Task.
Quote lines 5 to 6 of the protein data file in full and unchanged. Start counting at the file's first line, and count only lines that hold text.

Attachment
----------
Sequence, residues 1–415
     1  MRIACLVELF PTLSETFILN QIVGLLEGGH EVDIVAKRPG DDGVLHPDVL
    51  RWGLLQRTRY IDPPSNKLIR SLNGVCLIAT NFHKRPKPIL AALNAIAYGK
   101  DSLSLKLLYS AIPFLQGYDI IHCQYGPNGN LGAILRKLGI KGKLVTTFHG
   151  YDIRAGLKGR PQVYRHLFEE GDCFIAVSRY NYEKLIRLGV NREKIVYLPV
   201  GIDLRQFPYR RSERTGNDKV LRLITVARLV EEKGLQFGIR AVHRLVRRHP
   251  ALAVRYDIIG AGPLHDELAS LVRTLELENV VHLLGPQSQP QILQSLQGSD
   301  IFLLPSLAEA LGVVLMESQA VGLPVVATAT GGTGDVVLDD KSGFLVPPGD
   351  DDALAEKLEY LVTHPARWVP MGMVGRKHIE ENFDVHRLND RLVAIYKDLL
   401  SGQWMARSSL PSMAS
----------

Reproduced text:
   151  YDIRAGLKGR PQVYRHLFEE GDCFIAVSRY NYEKLIRLGV NREKIVYLPV
   201  GIDLRQFPYR RSERTGNDKV LRLITVARLV EEKGLQFGIR AVHRLVRRHP